Apple's product lineup has expanded over the past couple of years with the addition of the Apple Watch, a third notebook line, and most recently AirPods, and while 2016 turned out to be a bit of a disappointment for some with the Mac in particular seeing many models go the entire year without an update, there were still a number of significant updates.

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July 2016 mockups showing iPhone 7 and two variations of iPhone 7 Plus

As we reach the end of the year, it's worth a look back at some of the more notable and accurate rumors and leaks from 2016 to see how the sometimes long and winding road of rumors led to the product launches we eventually saw.

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A report from the Taiwanese supply chain emerged overnight claiming Apple will release a 10.5-inch "education and enterprise" tablet as part of its iPad line-up next year (via DigiTimes). The 10.5-inch iPad is said to be equipped with Apple's A10X processor, also expected in next year's refreshed line-up, with production slated to begin next month.

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Apple is launching the 10.5-inch iPad mainly because 10-inch and larger tablets have been popular among enterprises and the education sector in the US, the sources said. Its existing 9.7-inch iPad may be too small and the 12.9-inch iPad Pro too expensive for such procurement, the sources indicated.
A number of claims have emerged recently suggesting Apple plans to extend its iPad line-up with a new tablet dimension in the 10-inch range. Earlier this month, Barclays analysts claimed Apple will release a bezel-free 10.9-inch model alongside refreshed 9.7-inch and 12.9-inch iPads, citing its own supply chain sources, while in October Japanese website Mac Otakara said a new 10.1-inch iPad Pro would launch in early 2017.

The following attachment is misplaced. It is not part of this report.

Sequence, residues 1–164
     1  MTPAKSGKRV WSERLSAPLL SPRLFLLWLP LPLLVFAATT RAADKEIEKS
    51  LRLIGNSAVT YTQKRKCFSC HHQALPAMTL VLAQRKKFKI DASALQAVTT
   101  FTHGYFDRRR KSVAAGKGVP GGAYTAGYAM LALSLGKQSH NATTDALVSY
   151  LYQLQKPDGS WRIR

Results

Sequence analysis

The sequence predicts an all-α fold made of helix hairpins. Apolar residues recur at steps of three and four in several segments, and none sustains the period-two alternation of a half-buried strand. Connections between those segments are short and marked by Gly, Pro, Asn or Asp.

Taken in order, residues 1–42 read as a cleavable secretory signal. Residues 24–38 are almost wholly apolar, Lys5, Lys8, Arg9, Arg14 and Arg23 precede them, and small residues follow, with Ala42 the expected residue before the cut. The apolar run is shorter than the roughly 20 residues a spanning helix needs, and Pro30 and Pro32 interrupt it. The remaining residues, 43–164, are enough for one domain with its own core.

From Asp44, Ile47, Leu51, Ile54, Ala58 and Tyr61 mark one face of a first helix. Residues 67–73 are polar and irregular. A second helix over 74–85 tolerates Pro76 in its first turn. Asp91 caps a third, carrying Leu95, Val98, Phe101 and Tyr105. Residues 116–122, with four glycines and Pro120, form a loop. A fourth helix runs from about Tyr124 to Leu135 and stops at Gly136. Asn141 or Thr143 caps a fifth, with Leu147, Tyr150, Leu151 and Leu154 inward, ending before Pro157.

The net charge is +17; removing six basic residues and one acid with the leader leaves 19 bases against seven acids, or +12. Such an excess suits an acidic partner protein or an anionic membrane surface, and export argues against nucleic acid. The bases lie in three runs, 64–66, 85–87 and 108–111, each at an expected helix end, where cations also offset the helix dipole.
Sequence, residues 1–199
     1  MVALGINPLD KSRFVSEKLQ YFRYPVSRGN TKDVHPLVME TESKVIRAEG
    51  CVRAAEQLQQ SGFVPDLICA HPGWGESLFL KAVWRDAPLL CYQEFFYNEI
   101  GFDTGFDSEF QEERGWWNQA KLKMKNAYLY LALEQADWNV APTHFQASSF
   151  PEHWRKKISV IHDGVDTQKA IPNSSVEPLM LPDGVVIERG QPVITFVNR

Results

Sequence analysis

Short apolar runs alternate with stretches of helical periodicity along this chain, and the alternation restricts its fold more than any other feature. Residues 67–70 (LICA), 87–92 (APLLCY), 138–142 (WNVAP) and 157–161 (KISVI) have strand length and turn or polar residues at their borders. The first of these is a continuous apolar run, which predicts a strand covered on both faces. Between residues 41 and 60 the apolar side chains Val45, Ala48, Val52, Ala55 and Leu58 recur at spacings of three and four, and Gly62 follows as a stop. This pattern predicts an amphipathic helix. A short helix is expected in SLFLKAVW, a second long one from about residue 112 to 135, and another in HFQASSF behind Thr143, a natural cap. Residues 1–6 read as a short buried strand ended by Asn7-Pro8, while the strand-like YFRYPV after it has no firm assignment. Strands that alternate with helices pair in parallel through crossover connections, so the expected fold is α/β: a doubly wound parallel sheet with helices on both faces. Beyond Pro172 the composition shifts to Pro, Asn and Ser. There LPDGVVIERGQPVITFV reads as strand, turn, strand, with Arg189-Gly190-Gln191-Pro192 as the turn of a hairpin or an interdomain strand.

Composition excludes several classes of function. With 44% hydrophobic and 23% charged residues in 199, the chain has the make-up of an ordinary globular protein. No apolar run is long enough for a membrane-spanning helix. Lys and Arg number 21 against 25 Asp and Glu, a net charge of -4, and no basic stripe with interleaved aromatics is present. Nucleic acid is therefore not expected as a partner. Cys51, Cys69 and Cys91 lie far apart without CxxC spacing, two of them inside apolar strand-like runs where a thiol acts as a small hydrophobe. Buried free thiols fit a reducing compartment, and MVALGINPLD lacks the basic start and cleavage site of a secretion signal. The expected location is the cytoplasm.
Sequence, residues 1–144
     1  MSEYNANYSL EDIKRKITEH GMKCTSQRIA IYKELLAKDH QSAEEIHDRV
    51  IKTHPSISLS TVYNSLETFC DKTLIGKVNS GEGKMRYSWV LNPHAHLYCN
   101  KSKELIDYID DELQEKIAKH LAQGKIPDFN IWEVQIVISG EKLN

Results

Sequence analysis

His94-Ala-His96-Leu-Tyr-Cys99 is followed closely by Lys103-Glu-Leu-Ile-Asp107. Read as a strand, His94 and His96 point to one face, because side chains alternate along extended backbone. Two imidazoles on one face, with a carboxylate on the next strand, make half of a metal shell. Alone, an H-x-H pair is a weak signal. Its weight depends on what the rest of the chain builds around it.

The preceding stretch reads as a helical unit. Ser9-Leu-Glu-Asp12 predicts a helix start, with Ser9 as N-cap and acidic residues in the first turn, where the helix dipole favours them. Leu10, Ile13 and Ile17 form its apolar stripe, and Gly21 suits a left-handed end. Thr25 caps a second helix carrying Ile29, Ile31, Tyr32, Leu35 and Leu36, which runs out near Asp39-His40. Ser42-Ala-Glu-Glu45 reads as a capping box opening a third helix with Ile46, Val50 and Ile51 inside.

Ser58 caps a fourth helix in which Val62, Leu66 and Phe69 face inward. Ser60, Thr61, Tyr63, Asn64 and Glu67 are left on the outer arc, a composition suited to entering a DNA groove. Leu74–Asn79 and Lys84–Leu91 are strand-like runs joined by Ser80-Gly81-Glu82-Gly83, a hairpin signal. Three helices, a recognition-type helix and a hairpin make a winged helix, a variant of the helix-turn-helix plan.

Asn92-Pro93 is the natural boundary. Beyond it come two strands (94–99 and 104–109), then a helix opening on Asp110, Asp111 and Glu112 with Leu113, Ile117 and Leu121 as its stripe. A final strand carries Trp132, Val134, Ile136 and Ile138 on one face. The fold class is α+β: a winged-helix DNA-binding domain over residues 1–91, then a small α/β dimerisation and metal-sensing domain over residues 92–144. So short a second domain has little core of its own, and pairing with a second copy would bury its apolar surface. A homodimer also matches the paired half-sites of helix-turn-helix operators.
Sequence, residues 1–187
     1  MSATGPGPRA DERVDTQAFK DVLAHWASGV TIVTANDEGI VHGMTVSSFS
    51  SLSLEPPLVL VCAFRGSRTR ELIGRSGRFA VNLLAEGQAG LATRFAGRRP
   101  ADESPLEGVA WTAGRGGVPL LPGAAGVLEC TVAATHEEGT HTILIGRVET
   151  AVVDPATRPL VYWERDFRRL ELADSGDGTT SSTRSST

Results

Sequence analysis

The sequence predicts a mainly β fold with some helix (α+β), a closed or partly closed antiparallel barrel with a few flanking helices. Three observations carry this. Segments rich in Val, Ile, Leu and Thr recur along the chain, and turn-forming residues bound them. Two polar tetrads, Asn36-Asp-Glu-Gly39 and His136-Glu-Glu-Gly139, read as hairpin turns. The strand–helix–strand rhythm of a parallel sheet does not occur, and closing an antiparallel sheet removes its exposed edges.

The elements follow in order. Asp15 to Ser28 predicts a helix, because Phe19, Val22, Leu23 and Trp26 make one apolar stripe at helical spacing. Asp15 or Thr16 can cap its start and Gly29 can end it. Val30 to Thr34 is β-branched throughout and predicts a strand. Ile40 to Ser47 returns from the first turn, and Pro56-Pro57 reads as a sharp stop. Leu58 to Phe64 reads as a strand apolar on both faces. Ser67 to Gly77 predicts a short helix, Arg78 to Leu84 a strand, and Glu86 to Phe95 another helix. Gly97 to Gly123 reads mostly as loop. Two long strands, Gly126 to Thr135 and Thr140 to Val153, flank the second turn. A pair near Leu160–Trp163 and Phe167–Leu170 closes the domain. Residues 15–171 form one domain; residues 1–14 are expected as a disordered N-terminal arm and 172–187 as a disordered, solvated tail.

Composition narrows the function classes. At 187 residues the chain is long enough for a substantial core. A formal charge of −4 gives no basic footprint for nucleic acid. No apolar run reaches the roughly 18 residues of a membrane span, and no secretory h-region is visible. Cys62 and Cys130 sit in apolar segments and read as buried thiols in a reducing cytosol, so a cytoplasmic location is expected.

However, today's report marks the second independent source to suggest Apple plans to introduce a 10.5-inch mid-tier iPad. In August, KGI Securities analyst Ming-Chi Kuo said the same thing and earmarked the same A10X processor for the tablet, suggesting there may be more substance to this particular rumor.

In addition, Kuo claimed Apple will also launch lower-price versions of the 9.7-inch iPad. Today's sources corroborate that claim also, citing Apple's apparent intention "to compete with Android models".

Shipments of the rumored 10.5-inch iPad are expected to reach two million units in the first quarter of 2017 and may reach 5 to 6 million units in the year, DigiTimes sources said.

More "revolutionary" changes to iPads, including a switch to OLED displays, are expected in 2018, according to Kuo's earlier report.
While the iPad Pro lineup has increased Apple's tablet revenue based on higher price points, helping offset a lengthy slide in units sold, the latest data from market research firm IDC claims the iPad Air and iPad mini lines accounted for more than two-thirds of Apple's tablet shipments in the fourth fiscal quarter.

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Apple officially reported 9.26 million iPads sold in the quarter, representing late June to late September, but it does not break down its tablet sales by individual model. IDC did not share its methodology behind calculating iPad Pro sales specifically, but vaguely notes that it uses proprietary tools and research processes.

Despite selling some 600,000 fewer iPads compared to the year-ago quarter, Apple's tablet revenue remained flat at just over $4.2 billion in the quarter. The reason: iPad Pros cost more. The higher ASP is important for Apple as the worldwide tablet market continued its slump last quarter.

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IDC estimates tablet shipments dropped to an estimated 43 million units in the quarter, marking a 14.7% year-over-year decline. Apple led all vendors with 21.5% market share, up slightly from 19.6% in the year-ago quarter, while Samsung trailed in second with an estimated 6.5 million shipments and 15.1% market share.

Amazon and Chinese competitors Lenovo and Huawei rounded off the top five with an estimated 3.1 million, 2.7 million, and 2.4 million tablet shipments respectively in the quarter. Amazon saw explosive 319.9% growth due to its Amazon Prime Day sale in early July that led to a huge surge in shipments of its Fire tablets.